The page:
Thursday, April 23, 2015

Art Cards

"Peace," front of card, (2 inches by 3 and 1/2 inches)

"Peace," back of card, (2 inches by 3 and 1/2 inches)

When I swim, meditation is an automatic response. It has something to do with the rhythm; stroke right, stroke left, repeat, breathe, and stroke right, stroke left, repeat, breathe, over and over. Also, waves in repetition of refracted and reflected sunlight on the pool bottom, glimpses of sky, clouds and treetops as I breathe contribute an alternating variation to the rhythmic pattern. The result is something like a runner’s high, an altered state in which I feel as though I am in tune with God and the universe(s). In fact a tuning fork is also an excellent metaphor because of its precise sound waves. Touch the fork to water and watch it create a series of waves radiating in concentric circles. So, I am in tune with the universe and God when I swim. However, I do not communicate with God as many Christians claim. Who am I to suppose such a thing. I am but one man, swimming in a sea of humanity lost in an infinite ocean of universes.

There is a method to the madness in the discourse above. I am trying to explain how I arrived at the decision to make Art Cards. During my swimming meditations I often feel infinitesimally small, not in a bad way, but as though I were but one atomic particle carried on the sound / water waves in universes vast beyond comprehension. I also feel warm inside, “loved.” Being so small, but loved, I often wonder how I might do anything that has influence on the almost equally small (on a universal scale) sea of humanity. During one such swimming meditation, the idea for Art Cards popped into my head completely finished, as though they already existed, though of course they did not. The cards were each to be one word, or a very limited word phrase. They were to express however inadequately the sense of being in tune and loved that I have during my swimming meditation. They were to be the same size as a business card, small and easily lost in the daily shuffle of our transactions with one another. They were to be left with people without their knowledge, on a desk, in a mailbox, on a counter in a store, under a windshield wiper. This card, ‘PEACE’ is the first in the series. I tried to make color and the horizontal design emphasize the abstract concept, and I added phrases - parts of the definition of the word, and its application in social process - these fading into the background. At the same time, the letters P - E - A - C - E almost fade into the white haze at the card's center, to emphasize how difficult it is to obtain peace in any one of its many permutations, personally, socially or politically. I hope slipping the cards unobtrusively into the hands of others will in some small way influence the zeitgeist, or social spirit of humanity.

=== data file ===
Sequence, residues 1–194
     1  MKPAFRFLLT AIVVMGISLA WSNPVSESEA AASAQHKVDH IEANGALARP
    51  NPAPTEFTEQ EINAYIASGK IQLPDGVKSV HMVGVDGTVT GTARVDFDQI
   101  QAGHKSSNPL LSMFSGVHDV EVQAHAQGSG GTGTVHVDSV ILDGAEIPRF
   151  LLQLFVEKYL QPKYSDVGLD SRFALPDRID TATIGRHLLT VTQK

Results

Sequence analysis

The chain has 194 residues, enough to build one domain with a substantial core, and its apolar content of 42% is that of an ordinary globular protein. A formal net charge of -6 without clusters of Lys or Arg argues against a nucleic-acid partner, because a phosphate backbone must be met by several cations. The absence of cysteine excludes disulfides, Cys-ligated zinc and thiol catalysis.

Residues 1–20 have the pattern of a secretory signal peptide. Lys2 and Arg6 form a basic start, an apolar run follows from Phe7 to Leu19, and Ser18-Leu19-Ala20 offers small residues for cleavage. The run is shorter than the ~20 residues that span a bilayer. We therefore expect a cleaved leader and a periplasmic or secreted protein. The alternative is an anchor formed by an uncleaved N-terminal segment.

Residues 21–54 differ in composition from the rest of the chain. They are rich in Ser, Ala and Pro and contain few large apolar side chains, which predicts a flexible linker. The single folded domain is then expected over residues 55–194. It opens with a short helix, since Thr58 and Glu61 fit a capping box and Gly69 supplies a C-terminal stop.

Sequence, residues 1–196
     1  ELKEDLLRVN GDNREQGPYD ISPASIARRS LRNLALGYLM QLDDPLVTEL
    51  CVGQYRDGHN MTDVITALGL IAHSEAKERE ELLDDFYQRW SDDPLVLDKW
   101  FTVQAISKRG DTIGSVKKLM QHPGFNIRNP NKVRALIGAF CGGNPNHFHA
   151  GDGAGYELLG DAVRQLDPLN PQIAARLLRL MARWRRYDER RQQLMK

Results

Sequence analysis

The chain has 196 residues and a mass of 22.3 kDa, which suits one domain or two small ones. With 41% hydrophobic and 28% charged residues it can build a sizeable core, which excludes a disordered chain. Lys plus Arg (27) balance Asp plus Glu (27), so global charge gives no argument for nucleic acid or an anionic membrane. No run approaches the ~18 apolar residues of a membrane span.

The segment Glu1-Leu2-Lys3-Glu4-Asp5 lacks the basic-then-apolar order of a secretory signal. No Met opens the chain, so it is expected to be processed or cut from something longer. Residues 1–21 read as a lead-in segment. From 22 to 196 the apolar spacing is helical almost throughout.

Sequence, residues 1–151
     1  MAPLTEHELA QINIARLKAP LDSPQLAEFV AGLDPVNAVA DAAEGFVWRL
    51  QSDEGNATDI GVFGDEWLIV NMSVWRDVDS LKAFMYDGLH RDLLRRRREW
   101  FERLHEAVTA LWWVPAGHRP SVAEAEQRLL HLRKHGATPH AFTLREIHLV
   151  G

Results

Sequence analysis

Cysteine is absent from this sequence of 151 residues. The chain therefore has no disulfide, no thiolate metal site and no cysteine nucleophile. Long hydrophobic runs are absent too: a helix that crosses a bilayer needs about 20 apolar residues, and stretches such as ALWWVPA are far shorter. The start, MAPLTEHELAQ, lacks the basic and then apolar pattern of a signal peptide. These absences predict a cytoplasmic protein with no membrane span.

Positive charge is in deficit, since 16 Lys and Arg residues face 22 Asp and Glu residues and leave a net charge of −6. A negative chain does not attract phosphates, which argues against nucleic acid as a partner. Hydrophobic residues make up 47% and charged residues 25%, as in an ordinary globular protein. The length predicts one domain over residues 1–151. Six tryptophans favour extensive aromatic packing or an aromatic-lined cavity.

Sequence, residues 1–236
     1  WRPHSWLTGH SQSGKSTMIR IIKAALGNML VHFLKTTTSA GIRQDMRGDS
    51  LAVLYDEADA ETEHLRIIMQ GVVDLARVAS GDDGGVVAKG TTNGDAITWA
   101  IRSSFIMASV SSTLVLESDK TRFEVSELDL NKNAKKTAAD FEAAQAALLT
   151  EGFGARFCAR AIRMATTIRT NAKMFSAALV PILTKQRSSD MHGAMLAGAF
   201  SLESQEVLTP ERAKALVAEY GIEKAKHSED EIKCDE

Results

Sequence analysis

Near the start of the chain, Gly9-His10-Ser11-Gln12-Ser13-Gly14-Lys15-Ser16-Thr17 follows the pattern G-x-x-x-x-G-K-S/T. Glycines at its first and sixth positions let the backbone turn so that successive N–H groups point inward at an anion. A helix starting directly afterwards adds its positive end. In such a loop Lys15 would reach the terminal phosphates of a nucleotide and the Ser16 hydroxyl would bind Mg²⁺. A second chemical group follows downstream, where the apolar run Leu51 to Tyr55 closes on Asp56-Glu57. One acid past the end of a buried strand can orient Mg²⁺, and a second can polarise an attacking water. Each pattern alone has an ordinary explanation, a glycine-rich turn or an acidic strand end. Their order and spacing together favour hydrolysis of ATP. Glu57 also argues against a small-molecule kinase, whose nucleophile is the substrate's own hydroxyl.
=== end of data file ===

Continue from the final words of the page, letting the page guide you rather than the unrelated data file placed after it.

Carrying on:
Tuesday, April 14, 2015

Mardi Gras Rex

During February, my husband and I went to New Orleans for his nephew’s wedding. We were there for part of Mardi Gras, the world’s biggest party. It was amazing how obsessed we were about catching the bead necklaces thrown from the various parade floats. During Mardi Gras going to musical venue,  parades, catching beads, eating and drinking consumes the entire population. In fact these are so much more important than wars, politics, murder and mayhem to the partying population during Mardi Gras - I have a feeling they are also more important to the citizens of New Orleans all year long -  that I am recommending the entire world be put on a New Orleans Mardi Gras schedule 24/7. If that could be accomplished we would have the beauty pageant coveted ideal "world peace."

While attending the parades, we took many photos with our iPhones. Looking through those photos I decided to make a photomontage, something I haven’t done in quite a while. I isolated about 15 photos that I liked best, most of them from Bacchus, Proteus and Orpheus parades. I used parts of each image, sometimes reversing the image left to right, occasionally taking just one small item that I wanted in the finished montage. Some layers were made transparent so that you can see through to parts of the images below. I played with these images and layers for 2 hours using Adobe Photoshop to adjust the image until completely satisfied that the Mardi Gras party spirit was captured. The final result is Mardi Gras Rex. The actual preferred printed image is 12 inches wide by 10 inches high, though it can be printed in other sizes. This is a smaller jpeg image, but it carries the Mardi Gras party excitement  just as much as does the larger Mardi Gras Rex.